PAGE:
This year’s MLB playoff games are reaching unprecedented lengths. When the action is this good, no one should be looking at the clock.
Pace of play is a persistent debate in Major League Baseball. Shortening the length of games has become Commissioner Rob Manfred’s pet project during his tenure as the league’s boss. So it isn’t hard to imagine him being a bit frustrated by what he’s seen so far this MLB postseason.
No, the games themselves have been fantastic. It’s just that it’s taking longer than ever to get through nine innings (or more). According to ESPN’s Jerry Crasnick, nine-inning playoff games are averaging three hours and 35 minutes this year. That’s an increase of 10 minutes from a year ago and 21 minutes from 2015.
As Crasnick points out, there are factors at play unique to October baseball. The postseason means extended commercial breaks, of course. Playoff teams are also relying more and more heavily on their bullpens, a trend that has continued this fall. All those pitching changes add up over the course of a game.
The supersized postseason games aren’t exactly a shocking development, however. Regular season games were longer in 2017, too. Per Crasnick, the league set a record this year for longest average game time at three hours, five minutes. It was an even three hours last season, and they actually came under the three-hour mark in 2015 at two hours, 56 minutes.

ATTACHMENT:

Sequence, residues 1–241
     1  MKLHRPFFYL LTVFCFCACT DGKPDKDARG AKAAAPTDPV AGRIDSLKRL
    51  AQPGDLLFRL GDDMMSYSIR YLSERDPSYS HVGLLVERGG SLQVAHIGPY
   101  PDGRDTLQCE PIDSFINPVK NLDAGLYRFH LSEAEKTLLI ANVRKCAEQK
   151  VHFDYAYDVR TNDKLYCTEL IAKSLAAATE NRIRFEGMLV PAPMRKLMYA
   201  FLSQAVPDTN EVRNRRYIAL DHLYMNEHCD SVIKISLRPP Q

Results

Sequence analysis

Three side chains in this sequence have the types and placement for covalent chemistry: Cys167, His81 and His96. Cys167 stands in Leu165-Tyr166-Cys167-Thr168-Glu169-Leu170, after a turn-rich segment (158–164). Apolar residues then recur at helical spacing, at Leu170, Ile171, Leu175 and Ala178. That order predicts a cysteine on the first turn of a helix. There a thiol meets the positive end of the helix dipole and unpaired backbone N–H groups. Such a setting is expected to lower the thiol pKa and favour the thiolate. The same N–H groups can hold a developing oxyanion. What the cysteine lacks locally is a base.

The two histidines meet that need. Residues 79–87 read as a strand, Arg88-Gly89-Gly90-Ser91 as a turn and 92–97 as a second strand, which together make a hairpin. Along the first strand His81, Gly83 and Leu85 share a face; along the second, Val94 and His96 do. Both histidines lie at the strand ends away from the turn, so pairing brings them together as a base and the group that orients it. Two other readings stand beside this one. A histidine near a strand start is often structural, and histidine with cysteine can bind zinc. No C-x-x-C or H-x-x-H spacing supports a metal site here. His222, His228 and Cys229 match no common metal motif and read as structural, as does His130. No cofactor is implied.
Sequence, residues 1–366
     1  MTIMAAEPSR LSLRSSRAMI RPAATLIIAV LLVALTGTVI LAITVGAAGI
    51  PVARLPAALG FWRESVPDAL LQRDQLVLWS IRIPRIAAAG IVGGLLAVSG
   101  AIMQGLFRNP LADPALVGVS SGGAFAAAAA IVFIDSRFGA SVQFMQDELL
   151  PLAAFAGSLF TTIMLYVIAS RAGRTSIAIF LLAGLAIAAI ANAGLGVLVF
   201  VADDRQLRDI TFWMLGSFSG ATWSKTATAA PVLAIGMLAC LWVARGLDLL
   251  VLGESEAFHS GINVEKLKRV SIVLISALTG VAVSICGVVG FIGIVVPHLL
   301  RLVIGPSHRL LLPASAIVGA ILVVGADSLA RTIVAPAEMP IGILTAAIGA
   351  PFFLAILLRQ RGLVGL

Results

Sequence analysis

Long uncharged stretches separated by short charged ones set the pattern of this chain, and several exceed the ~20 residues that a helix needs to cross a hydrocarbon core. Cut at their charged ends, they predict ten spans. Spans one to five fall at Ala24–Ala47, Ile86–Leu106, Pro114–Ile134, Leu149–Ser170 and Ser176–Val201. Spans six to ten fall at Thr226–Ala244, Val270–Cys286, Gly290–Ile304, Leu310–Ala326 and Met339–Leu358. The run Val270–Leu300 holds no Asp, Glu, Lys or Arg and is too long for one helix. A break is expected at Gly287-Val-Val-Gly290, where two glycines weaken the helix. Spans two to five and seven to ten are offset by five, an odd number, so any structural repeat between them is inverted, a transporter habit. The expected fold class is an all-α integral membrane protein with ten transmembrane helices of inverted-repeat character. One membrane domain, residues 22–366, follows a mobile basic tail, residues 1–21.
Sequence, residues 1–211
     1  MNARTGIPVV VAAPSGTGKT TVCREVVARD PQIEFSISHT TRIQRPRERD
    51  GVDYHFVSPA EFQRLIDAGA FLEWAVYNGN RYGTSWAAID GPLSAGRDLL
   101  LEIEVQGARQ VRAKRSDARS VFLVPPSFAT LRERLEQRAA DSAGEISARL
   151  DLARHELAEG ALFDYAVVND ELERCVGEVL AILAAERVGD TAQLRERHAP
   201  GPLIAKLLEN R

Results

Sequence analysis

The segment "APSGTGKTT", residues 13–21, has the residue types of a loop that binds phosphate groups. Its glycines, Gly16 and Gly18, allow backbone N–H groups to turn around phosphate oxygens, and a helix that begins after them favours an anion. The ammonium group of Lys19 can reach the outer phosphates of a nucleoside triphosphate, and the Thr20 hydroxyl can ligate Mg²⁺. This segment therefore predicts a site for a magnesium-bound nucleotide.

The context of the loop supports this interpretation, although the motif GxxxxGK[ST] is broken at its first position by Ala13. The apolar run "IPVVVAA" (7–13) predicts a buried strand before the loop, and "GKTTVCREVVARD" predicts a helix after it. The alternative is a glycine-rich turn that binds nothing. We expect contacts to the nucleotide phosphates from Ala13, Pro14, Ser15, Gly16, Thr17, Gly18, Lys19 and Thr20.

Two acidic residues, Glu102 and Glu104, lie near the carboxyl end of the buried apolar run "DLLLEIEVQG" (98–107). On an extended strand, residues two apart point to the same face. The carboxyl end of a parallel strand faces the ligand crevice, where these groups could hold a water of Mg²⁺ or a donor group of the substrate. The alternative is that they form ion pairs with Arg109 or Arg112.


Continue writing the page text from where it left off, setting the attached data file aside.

But at the end of the day (or, more accurately, in the early morning hours if you’ve been watching the NLCS on the East Coast), should fans really care? You’d be hard-pressed to find many baseball aficionados who would trade some of the great moments we’ve been treated to so far for an abbreviated game length.
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When Cleveland overcame a five-run deficit to take Game 2 of the ALDS from the Yankees, the 13-inning affair clocked in at a gargantuan five hours and eight minutes.
Justin Turner delivered a dramatic walk-off homer in an NLCS Game 2 that lasted three hours and 20 minutes.
As Jose Altuve raced around the bases to score the game-winning run from first on a Carlos Correa double in the second game of the ALCS, it was a downright brisk three hours after first pitch. And the Yanks evened up that series in Game 4 by scoring six unanswered runs in the seventh and eighth frames, in a contest that took three hours and 37 minutes to complete.
If the results are memorable spectacles like these, I’m not going to complain much about sitting on my couch for an extra half-hour or more. If the TV ratings for this postseason are any indication, the majority of fans feel the same way (with some thanks, perhaps, to the big-market clubs involved).
Pitch clocks and other changes are likely coming in the future in an effort to speed things up. That may be a fair idea in the long run. For now, let’s soak up the playoff marathons. Because in a few short weeks, there will be no more meaningful baseball until next spring.